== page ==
Realizing the promise of reverse phase protein arrays for clinical, translational, and basic research: A workshop report the RPPA (Reverse Phase Protein Array) Society

Rehan Akbani, Karl Friedrich Becker, Neil Carragher, Ted Goldstein, Leanne De Koning, Ulrike Korf, Lance Liotta, Gordon B. Mills, Satoshi S. Nishizuka, Michael Pawlak, Emanuel F. Petricoin, Harvey B. Pollard, Bryan Serrels, Jingchun Zhu

Research output: Contribution to journalArticlepeer-review

134 Scopus citations


Reverse phase protein array (RPPA) technology introduced a miniaturized "antigen-down" or "dot-blot" immunoassay suitable for quantifying the relative, semi-quantitative or quantitative (if a well-accepted reference standard exists) abundance of total protein levels and post-translational modifications across a variety of biological samples including cultured cells, tissues, and body fluids. The recent evolution of RPPA combined with more sophisticated sample handling, optical detection, quality control, and better quality affinity reagents provides exquisite sensitivity and high sample throughput at a reasonable cost per sample. This facilitates large-scale multiplex analysis of multiple post-translational markers across samples from in vitro, preclinical, or clinical samples. The technical power of RPPA is stimulating the application and widespread adoption of RPPA methods within academic, clinical, and industrial research laboratories. Advances in RPPA technology now offer scientists the opportunity to quantify protein analytes with high precision, sensitivity, throughput, and robustness. As a result, adopters of RPPA technology have recognized critical success factors for useful and maximum exploitation of RPPA technologies, including the following: • preservation and optimization of pre-analytical sample quality, • application of validated high-affinity and specific antibody (or other protein affinity) detection reagents, • dedicated informatics solutions to ensure accurate and robust quantification of protein analytes, and • quality-assured procedures and data analysis workflows compatible with application within regulated clinical environments. In 2011, 2012, and 2013, the first three Global RPPA workshops were held in the United States, Europe, and Japan, respectively. These workshops provided an opportunity for RPPA laboratories, vendors, and users to share and discuss results, the latest technology platforms, best practices, and future challenges and opportunities. The outcomes of the workshops included a number of key opportunities to advance the RPPA field and provide added benefit to existing and future participants in the RPPA research community. The purpose of this report is to share and disseminate, as a community, current knowledge and future directions of the RPPA technology.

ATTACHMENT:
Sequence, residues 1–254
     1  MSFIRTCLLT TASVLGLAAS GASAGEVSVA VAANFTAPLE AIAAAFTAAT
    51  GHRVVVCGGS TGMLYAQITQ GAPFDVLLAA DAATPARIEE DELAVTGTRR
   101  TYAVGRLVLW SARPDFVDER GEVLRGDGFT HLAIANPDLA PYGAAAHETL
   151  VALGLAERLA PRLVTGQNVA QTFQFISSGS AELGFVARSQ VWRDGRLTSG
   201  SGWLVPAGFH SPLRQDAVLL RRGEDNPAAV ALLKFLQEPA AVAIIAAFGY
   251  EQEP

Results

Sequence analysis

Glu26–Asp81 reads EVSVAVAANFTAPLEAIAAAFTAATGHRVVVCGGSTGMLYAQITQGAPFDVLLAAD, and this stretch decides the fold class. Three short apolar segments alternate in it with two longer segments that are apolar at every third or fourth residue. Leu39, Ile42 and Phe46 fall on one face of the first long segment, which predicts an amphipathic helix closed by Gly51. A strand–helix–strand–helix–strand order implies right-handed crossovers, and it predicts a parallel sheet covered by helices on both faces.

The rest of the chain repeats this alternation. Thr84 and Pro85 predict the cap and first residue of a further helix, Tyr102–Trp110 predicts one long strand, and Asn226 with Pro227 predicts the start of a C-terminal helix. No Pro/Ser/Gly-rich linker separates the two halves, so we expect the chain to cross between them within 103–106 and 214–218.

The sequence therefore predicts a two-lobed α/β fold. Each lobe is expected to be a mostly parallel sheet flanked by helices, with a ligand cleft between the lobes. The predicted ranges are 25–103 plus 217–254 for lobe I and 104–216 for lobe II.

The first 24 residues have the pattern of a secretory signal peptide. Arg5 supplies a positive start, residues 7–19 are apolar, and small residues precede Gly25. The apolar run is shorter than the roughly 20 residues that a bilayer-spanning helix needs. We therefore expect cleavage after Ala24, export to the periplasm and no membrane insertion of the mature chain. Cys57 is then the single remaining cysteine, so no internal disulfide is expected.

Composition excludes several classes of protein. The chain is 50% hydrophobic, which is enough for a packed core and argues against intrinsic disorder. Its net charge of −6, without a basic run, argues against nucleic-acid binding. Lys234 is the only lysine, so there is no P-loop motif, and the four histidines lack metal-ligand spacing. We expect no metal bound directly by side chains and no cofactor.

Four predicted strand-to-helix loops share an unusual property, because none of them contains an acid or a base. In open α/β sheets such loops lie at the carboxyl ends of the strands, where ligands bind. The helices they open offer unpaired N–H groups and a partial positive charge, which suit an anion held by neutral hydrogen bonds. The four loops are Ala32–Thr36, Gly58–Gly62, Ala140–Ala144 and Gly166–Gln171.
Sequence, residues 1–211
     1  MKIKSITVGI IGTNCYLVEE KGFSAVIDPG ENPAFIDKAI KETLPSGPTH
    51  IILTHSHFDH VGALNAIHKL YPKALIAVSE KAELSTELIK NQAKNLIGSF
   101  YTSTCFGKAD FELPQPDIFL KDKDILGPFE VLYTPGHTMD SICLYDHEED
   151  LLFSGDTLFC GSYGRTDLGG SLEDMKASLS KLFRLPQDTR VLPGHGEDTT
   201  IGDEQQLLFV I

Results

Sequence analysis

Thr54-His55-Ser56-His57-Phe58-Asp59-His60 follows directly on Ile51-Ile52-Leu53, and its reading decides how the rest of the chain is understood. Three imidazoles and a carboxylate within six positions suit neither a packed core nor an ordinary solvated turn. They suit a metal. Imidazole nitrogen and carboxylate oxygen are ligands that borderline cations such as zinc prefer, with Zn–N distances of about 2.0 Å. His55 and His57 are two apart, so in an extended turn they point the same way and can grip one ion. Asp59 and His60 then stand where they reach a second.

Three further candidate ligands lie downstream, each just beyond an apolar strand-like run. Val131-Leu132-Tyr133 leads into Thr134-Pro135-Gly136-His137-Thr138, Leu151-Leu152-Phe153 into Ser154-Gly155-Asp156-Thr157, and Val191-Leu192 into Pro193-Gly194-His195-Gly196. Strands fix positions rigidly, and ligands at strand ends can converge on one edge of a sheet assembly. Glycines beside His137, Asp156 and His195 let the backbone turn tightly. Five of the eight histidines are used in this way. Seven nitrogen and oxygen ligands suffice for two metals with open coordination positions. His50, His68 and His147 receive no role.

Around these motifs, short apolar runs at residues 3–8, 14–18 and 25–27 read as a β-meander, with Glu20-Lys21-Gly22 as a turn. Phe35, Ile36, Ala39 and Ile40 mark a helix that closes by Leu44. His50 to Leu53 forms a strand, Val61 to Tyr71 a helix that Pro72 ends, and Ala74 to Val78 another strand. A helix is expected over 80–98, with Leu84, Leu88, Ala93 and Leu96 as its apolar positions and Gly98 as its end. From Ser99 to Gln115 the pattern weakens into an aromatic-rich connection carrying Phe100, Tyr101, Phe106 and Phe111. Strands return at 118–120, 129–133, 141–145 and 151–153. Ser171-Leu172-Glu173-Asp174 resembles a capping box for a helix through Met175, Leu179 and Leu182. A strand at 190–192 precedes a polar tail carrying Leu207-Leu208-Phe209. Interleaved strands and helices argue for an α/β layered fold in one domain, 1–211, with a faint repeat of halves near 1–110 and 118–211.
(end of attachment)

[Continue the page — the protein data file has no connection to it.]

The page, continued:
Original languageEnglish
Pages (from-to)1625-1643
Number of pages19
JournalMolecular and Cellular Proteomics
Issue number7
StatePublished - Jul 2014
Externally publishedYes


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